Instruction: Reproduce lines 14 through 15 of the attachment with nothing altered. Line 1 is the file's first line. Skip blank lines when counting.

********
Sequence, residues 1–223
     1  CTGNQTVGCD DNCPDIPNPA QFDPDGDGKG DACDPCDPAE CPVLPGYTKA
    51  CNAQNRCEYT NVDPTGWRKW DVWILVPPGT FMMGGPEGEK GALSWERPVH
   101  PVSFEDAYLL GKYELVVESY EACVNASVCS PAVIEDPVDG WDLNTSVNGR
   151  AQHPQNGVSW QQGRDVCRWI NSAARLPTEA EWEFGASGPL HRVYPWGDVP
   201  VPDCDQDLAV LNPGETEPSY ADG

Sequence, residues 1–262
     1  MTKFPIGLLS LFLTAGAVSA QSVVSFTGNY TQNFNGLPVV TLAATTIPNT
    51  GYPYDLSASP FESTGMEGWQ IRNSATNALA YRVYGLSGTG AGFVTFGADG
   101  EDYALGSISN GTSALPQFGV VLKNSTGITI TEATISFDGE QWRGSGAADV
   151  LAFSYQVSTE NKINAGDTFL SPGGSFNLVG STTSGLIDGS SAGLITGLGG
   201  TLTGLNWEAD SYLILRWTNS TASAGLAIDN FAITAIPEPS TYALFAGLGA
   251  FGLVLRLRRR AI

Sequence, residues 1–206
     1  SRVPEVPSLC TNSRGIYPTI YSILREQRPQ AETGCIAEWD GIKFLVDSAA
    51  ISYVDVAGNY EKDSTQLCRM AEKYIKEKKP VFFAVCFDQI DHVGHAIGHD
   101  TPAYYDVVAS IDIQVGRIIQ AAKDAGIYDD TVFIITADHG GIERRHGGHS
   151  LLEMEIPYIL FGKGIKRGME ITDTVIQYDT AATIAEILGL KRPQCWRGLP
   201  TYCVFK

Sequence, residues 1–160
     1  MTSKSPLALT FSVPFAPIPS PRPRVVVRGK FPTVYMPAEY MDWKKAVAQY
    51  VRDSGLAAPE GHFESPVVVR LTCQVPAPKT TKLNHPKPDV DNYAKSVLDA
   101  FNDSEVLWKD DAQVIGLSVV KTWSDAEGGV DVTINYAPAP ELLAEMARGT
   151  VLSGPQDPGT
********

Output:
Sequence, residues 1–206
     1  SRVPEVPSLC TNSRGIYPTI YSILREQRPQ AETGCIAEWD GIKFLVDSAA